Wild Horses Couldn't Drag Me From Longhouse

Longhouse takes the lead, by a nose, as the east end's most interesting outpost.

By Ted Kruckel July 22, 2008, 11:41 AM EDT

Roberto Dutesco's art installation, "Wild Horses of Sable Island" was projected above the entrance to the tent.

Photo: Richard Lewin

I have been coming to Longhouse, the residence and art habitat founded by textiles designer Jack Lenor Larsen, for longer than I care to admit. I met him through Elle Décor, and was at first a wee bit scared… he took a business lunch in a very casual outfit that was more revealing than I think he realized.

But soon I came to relish any chance to visit this intensely creative preserve he had established east of town in East Hampton. This year’s gala, in a season when the Wall Street crybabies are ruining the summer by not buying tickets or auction items, just lobster salad (and I thought I hated Streeters when they were showing off with their money), was one of the most impressive visually I’ve attended.

For starters, they wisely chose Roberto Dutesco photographs of “Wild Horses of Sable Island” as the opening act. (I’m familiar with Roberto Dutesco’s work because I had two of his photos once for an auction chaired by Sting and sponsored by Calvin Klein. Surprisingly, Donna Karan crossed branding lines and bid furiously and successfully for both pictures while her loyal henchwoman, Patti Cohen, berated me for not having brought the sponsorship opportunity to her first—go figure.)

In a simple yet dramatically effective entry arbor, a 30-foot-high stitched scrim with a projection of one of Dutesco’s romantic photos of a horse was hung above the entrance on the wall. Two smaller, haunting, horsey scrims, curated by Larsen and artist Peter Tunney, echoed the effect elsewhere.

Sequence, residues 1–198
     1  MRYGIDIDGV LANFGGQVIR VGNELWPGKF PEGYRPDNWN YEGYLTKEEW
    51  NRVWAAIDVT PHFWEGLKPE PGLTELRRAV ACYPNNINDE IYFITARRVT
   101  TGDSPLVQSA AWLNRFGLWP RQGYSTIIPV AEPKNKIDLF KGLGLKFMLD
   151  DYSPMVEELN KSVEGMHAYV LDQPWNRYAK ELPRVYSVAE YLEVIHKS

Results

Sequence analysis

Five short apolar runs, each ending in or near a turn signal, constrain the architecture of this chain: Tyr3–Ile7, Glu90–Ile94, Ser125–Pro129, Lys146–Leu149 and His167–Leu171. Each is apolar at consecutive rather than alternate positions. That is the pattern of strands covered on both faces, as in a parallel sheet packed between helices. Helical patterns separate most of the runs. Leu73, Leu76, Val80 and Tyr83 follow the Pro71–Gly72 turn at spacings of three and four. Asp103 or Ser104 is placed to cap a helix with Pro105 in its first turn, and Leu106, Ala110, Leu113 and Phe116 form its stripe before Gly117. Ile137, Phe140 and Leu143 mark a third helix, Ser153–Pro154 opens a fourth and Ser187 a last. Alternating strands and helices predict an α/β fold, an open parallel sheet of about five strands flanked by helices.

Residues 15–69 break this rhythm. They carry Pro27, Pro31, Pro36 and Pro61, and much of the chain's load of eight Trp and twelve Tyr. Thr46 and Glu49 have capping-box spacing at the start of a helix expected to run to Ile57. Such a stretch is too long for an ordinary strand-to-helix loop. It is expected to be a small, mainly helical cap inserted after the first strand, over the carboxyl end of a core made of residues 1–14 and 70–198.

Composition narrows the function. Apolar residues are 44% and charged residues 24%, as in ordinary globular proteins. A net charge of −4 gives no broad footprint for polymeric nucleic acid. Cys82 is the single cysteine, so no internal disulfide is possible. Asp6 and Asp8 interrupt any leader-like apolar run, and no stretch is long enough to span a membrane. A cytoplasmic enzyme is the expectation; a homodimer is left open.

The long tables were bisected by logs (a first for me), which were mounted on little aluminum feet. I’m not a big conservationist; I say it’s way too late to reverse man’s effect on the environment, so why not relax? (Though, conversely, I created a mathematical formula that calculates when the Earth will no longer sustain large-scale human population. The year is 2058—sorry—revised downward just recently due to the depletion of honey bees. Call for details.) I didn’t worry about where the logs came from or where they were headed (the fireplace, dummies) and avoided those who did.

I ran like a zillion art auctions in my day, and this one seemed just right. First, rather than locking themselves in to a lengthy list of live auction items in the program, which could kill any party, they kept an eye on the silent auction bidding, then handed auctioneer George McNeely of Christie’s a list of the hot tickets.

There was a really mixed bag of items—Aalto chairs, ancient Asian textiles, furniture made from (more!) logs, art glass, a striking ceramic ram’s head called “Dream of Africa”—many of which looked like they would disintegrate upon first glance or if touched by bubble wrapping. Yet the auction fulfillment table was calm and cool (disclaimer: my aunt Marcia was a volunteer), which is reassuring when you’ve just dropped 10 G’s on who the hell knows what. (Been there, done that, sadly.) But this was nice stuff and I’m jealous I came home empty-handed.

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